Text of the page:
Monday, February 18, 2013

Seeing The Invisible Mission Field

Recently the National Museum of the American Indian held a symposium on the depiction of Native Americans in sports. Being hosted in Washington, DC, the conversation naturally steered towards their NFL team, the Washington Redskins. The mayor of Washington has gone on record to oppose a new stadium for the football team inside city limits unless they drop the name.

A few weeks ago a blog previewed the hats that Major League Baseball teams would be wearing for spring training, showing a sample image of the Atlanta Braves' cap featuring an image of their mascot, the "screamin' indian", Chief Knockahoma, which hasn't been used since 1986. After considerable backlash, the Braves are wearing their traditional script A on their hats.

And don't get me started on the legal dispute over the University of North Dakota Fighting Sioux.

I'm not going to weigh in on one side or the other. But I want to call it to our attention. How many of us cheer for a team, or wear a particular logo, without consideration of where that name or brand came from? The AP story on the Native American symposium highlighted a fan who wore his Redskins gear and was so moved by what he heard that he ditched them. He simply never thought of it before.

Face it, the Native American is the nameless, faceless race that used to inhabit North America and is often depicted as the bad guy in classic westerns. How many of you know a Native American? Depending on where you live, it is unlikely you've ever seen one. The idea of a sports mascot named the Braves, Warriors, or Chiefs doesn't cause us to flinch. A super-fan dressed up in a war bonnet with his face painted might strike us as odd, but not necessarily racist. Familiarity may breed contempt, but unfamiliarity breeds indifference.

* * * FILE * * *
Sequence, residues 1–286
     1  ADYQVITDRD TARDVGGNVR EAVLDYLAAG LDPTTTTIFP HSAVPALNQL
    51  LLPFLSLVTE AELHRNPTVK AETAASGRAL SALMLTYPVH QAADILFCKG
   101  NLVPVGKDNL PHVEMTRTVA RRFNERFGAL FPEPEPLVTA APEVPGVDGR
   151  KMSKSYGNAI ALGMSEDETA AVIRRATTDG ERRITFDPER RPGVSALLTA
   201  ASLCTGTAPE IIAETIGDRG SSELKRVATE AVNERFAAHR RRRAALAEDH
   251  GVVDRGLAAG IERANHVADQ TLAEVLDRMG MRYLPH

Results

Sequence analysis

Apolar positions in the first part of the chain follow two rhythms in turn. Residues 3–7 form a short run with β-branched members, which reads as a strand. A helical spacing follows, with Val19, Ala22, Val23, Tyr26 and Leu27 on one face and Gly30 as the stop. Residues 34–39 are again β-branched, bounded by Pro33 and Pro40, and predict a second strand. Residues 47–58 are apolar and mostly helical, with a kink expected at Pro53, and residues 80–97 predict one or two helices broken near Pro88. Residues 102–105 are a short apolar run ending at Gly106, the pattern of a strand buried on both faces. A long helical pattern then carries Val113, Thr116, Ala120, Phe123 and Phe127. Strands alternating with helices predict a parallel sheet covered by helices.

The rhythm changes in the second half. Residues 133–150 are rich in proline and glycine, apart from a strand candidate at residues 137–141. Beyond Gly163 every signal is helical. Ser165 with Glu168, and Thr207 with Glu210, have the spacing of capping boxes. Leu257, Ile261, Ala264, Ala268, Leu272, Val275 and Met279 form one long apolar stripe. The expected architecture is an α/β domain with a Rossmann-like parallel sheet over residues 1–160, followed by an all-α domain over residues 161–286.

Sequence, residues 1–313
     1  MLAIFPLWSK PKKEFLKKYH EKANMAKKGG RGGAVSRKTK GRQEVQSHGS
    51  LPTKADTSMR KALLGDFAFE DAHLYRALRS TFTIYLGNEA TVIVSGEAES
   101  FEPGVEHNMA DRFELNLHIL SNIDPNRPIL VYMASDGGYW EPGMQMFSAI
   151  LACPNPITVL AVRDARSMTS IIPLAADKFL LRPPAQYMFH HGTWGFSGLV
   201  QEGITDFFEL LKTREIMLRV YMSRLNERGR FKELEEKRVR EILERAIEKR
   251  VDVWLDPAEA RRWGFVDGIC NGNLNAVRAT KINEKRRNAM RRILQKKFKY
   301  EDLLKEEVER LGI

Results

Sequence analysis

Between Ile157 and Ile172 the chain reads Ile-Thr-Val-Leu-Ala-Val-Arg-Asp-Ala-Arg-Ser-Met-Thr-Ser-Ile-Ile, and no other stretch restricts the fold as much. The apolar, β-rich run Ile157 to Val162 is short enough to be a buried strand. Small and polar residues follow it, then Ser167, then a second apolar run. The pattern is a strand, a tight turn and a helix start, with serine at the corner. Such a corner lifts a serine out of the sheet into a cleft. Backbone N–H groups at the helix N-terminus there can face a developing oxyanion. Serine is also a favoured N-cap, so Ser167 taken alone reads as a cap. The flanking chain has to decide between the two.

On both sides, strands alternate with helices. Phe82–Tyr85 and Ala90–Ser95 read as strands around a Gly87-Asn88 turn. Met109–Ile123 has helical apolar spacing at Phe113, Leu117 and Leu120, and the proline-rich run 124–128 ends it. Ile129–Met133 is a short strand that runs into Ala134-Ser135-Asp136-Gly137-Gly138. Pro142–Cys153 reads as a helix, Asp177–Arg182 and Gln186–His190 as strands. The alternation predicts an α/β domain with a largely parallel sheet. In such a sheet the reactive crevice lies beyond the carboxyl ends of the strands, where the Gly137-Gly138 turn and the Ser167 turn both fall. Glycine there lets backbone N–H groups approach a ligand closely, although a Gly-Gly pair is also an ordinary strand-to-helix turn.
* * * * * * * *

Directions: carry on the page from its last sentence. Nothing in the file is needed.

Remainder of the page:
We may not know them, we may not see them, but they're still there. They are still a strong and proud people. And they, just like the "foreign savage" we send missionaries to overseas, need Jesus.

I'm sensitive to this myself. I grew up just outside the boundaries of an Indian reservation. I grew up with classmates who were Arapaho or Shoshone. Every year my hometown would celebrate the "Gift of the Waters" pageant, an artistic reenactment of a treaty signed between the Shoshone tribe and the US Government handing over some of their land that included a natural spring the tribe considered sacred. Before I went away to college I knew the family of the Shoshone chief, Joseph.

Many missionary organizations emphasize raising up indigenous people to lead in local ministry. Yet we've forgotten about the indigenous in our own country.

So I was sad to hear of the sudden passing of "Uncle" Richard Twiss, a Native American missionary and founder of Wiconi International. If you've never heard of him, don't feel bad because neither had I. But I was ashamed because as much as I try to be "plugged in" to American Christian Culture I was ignorant to the man and this much-needed ministry.

Not knowing him, I can't speak much about him. But I encourage you to check out what others have said honoring his memory. (Lots of links: Christianity Today, InterVarsity, Out of Ur, Urban Faith, Sojourners, Patheos, and Red Letter Christians)

Also please pray for the indigenous of this country. Twiss' work is far from finished. May we be as moved to be missionaries to the natives of our own soil as we are to send missionaries to foreign lands.

No comments: